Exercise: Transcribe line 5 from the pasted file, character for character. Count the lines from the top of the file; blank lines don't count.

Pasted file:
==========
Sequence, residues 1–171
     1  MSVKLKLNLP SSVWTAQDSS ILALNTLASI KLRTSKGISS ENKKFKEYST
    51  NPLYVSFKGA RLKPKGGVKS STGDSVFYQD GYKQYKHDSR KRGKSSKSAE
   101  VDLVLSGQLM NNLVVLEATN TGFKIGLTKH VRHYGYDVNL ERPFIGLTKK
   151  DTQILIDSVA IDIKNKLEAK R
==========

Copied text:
   151  DTQILIDSVA IDIKNKLEAK R